There was plenty of work to do to get these ships into full working condition and much training of the raw crews. We were at it from dawn to dusk  After the final trials of the ships the small flotilla sailed from Rosyth through the North Sea and the Channel to Weymouth Bay. There were many seasick sailors when we first set out, but after a few days things settled down and a quite efficient crew seemed to emerge.  

I give a fuller description of these ships and our crew further on in this account, but I did hear one Admiral say that he considered that the seamen in Nelson's ships had better living conditions.  

July moved into August with the review by the King, then came some really intense and concentrated training with gunnery practice, depth charge and anti submarine work, torpedo firing, boat work and flotilla manoeuvring etc; The ship’s company had settled down to a pretty fair body of men and one had to admire the chiefs and petty officers whose job it was to knock us into shape. Our duties rotated in order to give us the feel of the many tasks. I had turns as crew of the motor boat, an ancient relic powered by a petrol/paraffin engine  and all other parts of the ship. My daily task was as quarter deck man which entailed washing down the deck at the crack of dawn and keeping it clean during the day unless some other excitement intervened. I concentrated on the stern light and "Y" gun. They were always bright and gleaming. We did have plenty of time ashore and were able to see the lights of Weymouth and the Salvation Army hostel and to take walks to the hillside and through the town.  

August moved into September and by the third of September we were at anchor in the Clyde when war was declared. On this day I learned one of the rules of survival. The Bosun came into the mess deck at about noon and asked if anyone could ride a bicycle, he got two offers, I and another V.R. found ourselves up the funnel painting out the flotilla markings. After this I was instructed to use the paint and paint the stern light grey and also the hand rails up to "Y" gun. War had really come to us.  

The first alarm came that very day. The Athena was torpedoed somewhere off the Irish coast and we joined in the search for possible U-boats. The ship was soon back in the Clyde and a day or two later we went out to join the escort of a large troop convoy.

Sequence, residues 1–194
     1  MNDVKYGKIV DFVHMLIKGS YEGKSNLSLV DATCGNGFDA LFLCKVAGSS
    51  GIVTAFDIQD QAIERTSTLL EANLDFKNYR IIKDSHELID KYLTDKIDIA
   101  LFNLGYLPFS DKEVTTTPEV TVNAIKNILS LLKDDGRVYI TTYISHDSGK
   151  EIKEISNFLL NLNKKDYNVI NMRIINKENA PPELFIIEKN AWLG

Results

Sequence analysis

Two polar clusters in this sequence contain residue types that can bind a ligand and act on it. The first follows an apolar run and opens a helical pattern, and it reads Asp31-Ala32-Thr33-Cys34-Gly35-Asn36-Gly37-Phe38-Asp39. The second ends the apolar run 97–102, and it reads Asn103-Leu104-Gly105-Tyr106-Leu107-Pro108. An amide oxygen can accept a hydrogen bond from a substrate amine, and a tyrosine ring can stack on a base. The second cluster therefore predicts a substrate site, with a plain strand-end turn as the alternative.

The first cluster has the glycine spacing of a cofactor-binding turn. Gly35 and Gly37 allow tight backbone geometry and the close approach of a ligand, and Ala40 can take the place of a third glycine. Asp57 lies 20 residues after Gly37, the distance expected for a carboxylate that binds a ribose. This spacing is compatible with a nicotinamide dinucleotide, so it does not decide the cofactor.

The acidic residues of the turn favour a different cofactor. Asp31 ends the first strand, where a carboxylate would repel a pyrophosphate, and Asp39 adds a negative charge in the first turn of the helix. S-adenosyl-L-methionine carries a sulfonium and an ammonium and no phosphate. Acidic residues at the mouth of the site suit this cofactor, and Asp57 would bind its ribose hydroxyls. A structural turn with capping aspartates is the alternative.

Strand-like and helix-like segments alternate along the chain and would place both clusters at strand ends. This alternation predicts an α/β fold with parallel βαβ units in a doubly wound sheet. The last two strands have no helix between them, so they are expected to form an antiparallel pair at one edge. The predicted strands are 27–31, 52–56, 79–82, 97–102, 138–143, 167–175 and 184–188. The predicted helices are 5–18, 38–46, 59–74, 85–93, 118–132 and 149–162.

From then on the work was all convoy escort. Based in Devonport or Milford Haven we took convoys out into the Atlantic and then met the homeward bound ships, escorting them to the Channel ports, sometimes as far as Dover. It was on one of the Channel runs that an amusing incident occurred which made me realise how well the officers knew the crew.  

One of our Sussex seamen was a young carpenter called Drake. In a very patriotic moment his parents had christened him Francis. He was a quiet lad, not the brightest of the bright, and when things were not going too well he would comment "never mind eh". It became the "in" expression in the mess if things were not going well to say "never mind eh". I was on watch as a bridge lookout as we moved up the Channel in thick fog and were passing Beachy Head. I knew this as I had done some sailing in this part of the Channel having lived in Hastings. I knew that Beachy Head sounded a bell in foggy weather and we could also hear the Royal Sovereign light ship which had a distinctive, grunting fog horn. The Captain was on the bridge and turned and asked the navigator our position. He told the Captain that the fog horn was Beachy Head, whereupon I had the nerve to butt in and correct the navigator, explaining my local knowledge. The navigator checked the chart and then confirmed that I was correct; the Captain commented "Well as Drake would say Never mind eh".